Study after study has proven the the main difference between a top performing sales person and an average producer is the amount of time they spend “preparing” for a conversation with a business owner. The more prepared a banker is, the better the customer experience. Being prepared means doing your homework and understanding the business, the industry, the business owner, and the local economy, for starters. The more prepared a banker is, the more help they can provide and the more value they will bring to the relationship.

With every bank knocking at the doors of the same businesses, competition for quality customers has never been more intense. Follow these five simple steps to set the customer experience your bank delivers above all the rest.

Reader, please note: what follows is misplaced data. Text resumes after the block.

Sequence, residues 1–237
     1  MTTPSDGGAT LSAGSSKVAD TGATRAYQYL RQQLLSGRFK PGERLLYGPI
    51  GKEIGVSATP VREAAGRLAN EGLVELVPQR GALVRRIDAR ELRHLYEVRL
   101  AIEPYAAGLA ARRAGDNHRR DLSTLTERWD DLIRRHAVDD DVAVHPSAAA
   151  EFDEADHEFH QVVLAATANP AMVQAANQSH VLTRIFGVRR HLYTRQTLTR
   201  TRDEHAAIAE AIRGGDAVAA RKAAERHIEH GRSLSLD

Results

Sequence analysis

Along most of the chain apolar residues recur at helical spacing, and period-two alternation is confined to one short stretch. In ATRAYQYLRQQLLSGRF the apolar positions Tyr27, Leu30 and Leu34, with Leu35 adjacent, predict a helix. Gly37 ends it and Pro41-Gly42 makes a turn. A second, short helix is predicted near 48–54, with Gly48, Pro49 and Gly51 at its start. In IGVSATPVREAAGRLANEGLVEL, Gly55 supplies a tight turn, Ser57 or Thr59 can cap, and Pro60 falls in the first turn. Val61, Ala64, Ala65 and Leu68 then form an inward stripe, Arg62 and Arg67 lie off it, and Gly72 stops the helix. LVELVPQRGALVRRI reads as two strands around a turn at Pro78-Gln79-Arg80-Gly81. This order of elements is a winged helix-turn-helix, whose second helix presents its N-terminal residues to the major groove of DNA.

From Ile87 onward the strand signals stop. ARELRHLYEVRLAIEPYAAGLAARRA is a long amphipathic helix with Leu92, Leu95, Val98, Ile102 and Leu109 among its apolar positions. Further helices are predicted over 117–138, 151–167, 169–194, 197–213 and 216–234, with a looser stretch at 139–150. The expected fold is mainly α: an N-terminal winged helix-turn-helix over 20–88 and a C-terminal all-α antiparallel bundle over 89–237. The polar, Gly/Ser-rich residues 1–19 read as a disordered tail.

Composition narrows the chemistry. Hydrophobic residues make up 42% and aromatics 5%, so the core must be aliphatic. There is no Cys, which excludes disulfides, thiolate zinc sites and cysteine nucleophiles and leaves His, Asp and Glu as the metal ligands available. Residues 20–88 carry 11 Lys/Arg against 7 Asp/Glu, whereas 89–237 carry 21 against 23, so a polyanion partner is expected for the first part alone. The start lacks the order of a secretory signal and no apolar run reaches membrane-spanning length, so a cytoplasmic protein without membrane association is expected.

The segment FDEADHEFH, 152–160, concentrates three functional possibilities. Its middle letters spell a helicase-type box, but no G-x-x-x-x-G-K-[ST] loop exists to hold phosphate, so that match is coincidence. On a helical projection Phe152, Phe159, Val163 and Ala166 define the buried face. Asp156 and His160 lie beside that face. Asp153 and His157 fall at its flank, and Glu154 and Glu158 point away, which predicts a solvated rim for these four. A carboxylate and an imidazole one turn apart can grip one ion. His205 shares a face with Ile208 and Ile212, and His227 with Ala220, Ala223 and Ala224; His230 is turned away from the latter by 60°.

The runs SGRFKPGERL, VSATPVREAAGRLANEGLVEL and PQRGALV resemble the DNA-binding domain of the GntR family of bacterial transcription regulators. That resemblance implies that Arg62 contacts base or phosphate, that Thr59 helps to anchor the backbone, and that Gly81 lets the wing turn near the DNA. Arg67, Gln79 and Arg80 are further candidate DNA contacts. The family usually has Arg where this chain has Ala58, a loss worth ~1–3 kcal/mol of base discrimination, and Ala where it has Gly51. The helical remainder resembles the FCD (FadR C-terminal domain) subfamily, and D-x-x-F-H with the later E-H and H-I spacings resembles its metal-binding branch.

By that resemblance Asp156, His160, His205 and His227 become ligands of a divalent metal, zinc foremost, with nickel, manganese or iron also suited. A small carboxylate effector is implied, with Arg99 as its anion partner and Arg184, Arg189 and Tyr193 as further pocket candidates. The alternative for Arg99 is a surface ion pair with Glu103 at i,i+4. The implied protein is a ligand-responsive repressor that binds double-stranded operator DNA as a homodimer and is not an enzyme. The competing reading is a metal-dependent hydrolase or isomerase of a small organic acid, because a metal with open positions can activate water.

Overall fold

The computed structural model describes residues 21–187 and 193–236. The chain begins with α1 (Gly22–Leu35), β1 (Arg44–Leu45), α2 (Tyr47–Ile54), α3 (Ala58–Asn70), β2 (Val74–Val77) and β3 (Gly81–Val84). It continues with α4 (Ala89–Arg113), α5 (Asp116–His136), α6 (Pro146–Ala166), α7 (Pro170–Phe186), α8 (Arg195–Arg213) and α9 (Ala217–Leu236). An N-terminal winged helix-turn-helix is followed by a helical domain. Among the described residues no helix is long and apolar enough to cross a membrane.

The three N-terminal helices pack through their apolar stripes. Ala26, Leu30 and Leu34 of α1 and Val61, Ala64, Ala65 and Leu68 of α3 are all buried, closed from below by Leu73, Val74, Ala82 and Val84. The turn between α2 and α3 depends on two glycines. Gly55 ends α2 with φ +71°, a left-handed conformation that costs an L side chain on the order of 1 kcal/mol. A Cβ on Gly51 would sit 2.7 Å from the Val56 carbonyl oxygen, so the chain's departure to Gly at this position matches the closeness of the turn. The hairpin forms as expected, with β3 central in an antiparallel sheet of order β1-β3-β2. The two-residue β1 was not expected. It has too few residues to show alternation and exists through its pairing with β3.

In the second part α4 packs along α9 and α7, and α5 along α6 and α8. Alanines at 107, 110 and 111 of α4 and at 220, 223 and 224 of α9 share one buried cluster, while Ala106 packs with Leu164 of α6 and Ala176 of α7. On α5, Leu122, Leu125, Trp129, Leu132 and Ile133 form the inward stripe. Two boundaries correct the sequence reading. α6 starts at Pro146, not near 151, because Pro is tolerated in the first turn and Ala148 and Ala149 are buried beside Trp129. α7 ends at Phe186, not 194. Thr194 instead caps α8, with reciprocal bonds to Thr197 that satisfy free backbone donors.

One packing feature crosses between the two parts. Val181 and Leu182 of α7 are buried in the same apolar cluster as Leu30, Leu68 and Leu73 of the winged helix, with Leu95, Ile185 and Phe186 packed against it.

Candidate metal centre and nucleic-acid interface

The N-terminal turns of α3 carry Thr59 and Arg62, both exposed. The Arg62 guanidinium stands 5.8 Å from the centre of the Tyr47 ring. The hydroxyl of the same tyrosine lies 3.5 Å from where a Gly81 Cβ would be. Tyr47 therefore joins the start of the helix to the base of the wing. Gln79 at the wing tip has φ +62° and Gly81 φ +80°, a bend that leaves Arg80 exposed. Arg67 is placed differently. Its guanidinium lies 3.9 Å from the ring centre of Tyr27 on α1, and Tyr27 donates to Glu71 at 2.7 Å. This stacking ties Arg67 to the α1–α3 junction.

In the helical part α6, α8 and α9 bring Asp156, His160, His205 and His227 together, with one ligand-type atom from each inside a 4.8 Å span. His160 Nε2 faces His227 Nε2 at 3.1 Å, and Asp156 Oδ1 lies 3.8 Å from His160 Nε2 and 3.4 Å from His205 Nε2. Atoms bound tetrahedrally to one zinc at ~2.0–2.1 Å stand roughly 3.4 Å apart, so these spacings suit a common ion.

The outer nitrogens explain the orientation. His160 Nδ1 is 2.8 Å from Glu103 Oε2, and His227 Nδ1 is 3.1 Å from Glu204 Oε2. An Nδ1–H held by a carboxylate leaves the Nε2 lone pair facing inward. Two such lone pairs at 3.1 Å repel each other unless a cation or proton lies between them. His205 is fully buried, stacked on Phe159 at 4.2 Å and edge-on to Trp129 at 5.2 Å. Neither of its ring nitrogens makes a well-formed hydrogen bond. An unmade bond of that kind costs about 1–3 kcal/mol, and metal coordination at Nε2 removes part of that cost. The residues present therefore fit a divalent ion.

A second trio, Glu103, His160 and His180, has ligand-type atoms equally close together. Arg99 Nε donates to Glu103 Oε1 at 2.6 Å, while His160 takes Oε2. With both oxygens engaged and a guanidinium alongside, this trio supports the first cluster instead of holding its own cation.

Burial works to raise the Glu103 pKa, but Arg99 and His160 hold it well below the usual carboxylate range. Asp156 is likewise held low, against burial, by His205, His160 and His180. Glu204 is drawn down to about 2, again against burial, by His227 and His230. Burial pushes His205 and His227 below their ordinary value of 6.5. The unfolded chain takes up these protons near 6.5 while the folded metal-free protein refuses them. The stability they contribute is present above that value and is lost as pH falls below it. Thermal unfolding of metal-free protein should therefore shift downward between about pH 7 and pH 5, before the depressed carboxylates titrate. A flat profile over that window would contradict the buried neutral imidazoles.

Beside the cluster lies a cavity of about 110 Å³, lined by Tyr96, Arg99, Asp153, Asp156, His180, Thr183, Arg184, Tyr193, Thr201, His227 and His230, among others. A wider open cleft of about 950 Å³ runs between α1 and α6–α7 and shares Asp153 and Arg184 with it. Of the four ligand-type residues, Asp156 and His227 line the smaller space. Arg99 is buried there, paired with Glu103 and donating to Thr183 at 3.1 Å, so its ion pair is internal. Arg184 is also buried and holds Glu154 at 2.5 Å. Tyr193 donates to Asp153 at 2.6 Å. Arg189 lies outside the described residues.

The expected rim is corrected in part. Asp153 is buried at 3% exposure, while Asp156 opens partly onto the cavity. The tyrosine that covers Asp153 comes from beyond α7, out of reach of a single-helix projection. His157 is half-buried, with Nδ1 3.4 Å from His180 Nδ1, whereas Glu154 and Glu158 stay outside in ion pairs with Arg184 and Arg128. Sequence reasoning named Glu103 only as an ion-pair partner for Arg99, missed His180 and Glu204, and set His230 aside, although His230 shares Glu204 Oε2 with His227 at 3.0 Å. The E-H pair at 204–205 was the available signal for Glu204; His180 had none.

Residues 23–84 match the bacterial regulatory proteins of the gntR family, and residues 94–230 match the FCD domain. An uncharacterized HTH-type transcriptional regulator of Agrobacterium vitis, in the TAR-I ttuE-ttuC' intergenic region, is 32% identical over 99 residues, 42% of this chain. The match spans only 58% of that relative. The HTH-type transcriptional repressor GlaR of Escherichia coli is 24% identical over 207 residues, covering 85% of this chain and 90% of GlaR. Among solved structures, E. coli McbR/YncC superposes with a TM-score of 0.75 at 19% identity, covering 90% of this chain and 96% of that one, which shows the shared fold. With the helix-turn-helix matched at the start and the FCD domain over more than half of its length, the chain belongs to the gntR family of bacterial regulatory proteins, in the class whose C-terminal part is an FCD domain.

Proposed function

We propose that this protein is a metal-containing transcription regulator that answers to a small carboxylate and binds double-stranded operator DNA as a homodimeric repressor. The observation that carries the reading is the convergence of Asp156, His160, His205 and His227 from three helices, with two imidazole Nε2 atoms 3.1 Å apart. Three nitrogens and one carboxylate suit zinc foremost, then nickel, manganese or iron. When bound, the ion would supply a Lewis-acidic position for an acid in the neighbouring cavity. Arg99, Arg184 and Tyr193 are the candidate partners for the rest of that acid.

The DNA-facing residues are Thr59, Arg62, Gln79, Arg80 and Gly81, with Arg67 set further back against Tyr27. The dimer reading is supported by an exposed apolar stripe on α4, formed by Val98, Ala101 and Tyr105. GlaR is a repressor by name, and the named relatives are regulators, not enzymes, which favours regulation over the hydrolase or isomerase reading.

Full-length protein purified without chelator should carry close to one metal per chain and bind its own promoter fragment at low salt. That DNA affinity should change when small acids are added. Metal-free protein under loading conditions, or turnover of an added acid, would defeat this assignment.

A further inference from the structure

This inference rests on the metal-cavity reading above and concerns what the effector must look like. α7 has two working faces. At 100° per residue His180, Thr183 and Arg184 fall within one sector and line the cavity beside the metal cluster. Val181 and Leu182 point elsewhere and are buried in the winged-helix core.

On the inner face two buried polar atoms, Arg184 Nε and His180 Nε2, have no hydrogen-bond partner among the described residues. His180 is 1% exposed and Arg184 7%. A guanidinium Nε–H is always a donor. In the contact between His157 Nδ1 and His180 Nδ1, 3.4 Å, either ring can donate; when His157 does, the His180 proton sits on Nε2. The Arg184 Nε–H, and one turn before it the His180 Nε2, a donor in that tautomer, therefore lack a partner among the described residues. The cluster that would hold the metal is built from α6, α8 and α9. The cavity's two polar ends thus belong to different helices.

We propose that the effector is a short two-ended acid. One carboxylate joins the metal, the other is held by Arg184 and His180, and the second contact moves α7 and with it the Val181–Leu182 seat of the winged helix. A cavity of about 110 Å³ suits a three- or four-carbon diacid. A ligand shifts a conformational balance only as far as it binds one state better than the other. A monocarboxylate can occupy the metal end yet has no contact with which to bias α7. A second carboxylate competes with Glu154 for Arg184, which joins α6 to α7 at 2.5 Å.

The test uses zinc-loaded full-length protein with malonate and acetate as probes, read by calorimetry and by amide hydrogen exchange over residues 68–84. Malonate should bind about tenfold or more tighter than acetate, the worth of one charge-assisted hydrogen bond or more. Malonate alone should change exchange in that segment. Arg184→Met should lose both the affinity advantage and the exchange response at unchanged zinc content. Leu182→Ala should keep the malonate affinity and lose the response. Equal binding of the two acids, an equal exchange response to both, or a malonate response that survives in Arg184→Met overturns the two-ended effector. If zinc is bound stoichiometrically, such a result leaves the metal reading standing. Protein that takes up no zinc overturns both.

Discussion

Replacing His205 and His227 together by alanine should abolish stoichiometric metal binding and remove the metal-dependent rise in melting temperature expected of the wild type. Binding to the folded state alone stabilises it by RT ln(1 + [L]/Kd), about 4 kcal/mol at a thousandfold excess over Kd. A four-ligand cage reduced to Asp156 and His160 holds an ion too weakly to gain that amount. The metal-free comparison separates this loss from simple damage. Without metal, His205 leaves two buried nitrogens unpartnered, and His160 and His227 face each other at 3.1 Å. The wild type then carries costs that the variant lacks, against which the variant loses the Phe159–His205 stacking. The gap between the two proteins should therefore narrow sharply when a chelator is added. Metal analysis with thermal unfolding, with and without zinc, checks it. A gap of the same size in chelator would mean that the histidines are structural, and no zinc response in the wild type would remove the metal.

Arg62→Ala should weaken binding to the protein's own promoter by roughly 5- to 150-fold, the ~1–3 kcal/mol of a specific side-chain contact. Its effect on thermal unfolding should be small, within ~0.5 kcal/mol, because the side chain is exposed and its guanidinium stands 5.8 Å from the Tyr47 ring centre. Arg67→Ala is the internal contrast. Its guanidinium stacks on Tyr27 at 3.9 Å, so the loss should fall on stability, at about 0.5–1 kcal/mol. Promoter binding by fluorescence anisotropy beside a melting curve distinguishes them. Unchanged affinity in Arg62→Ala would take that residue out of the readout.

Some Banks Offer Digital Appointment Booking, But It’s Rare


mobile-appointment-3-18-16.pngIf a customer wants a haircut, chances are that individual can go online and schedule an appointment at a local salon. But if the same person wanted to schedule online a convenient time to sit down with a banker to discuss a loan, that customer likely can’t do the same. A bank’s website should be a strong prospecting tool for banks, but despite the drive to digital, many banks don’t offer a way to go online to schedule an appointment. Shouldn’t banks offer an easy way to direct the customer from the web to the branch?

Few banks offer digital appointment booking, according to the research firm Celent. According to a Celent survey conducted in October 2014, just 36 percent of North American financial institutions above $50 billion in assets offer online appointment booking to their customers. For institutions below $50 billion, online booking is even rarer, at less than 5 percent.